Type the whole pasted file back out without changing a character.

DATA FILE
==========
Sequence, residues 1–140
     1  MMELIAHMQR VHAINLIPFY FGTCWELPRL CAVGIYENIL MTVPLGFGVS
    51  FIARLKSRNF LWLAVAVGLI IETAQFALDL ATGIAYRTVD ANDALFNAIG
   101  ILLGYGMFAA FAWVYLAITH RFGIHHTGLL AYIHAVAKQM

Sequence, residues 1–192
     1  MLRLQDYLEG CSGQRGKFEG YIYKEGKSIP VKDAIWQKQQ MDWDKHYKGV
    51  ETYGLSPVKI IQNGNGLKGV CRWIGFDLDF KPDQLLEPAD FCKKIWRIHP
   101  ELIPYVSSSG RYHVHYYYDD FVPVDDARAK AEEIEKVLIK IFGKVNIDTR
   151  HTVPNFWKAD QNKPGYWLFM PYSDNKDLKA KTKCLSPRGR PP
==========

Sequence, residues 1–140
     1  MMELIAHMQR VHAINLIPFY FGTCWELPRL CAVGIYENIL MTVPLGFGVS
    51  FIARLKSRNF LWLAVAVGLI IETAQFALDL ATGIAYRTVD ANDALFNAIG
   101  ILLGYGMFAA FAWVYLAITH RFGIHHTGLL AYIHAVAKQM

Sequence, residues 1–192
     1  MLRLQDYLEG CSGQRGKFEG YIYKEGKSIP VKDAIWQKQQ MDWDKHYKGV
    51  ETYGLSPVKI IQNGNGLKGV CRWIGFDLDF KPDQLLEPAD FCKKIWRIHP
   101  ELIPYVSSSG RYHVHYYYDD FVPVDDARAK AEEIEKVLIK IFGKVNIDTR
   151  HTVPNFWKAD QNKPGYWLFM PYSDNKDLKA KTKCLSPRGR PP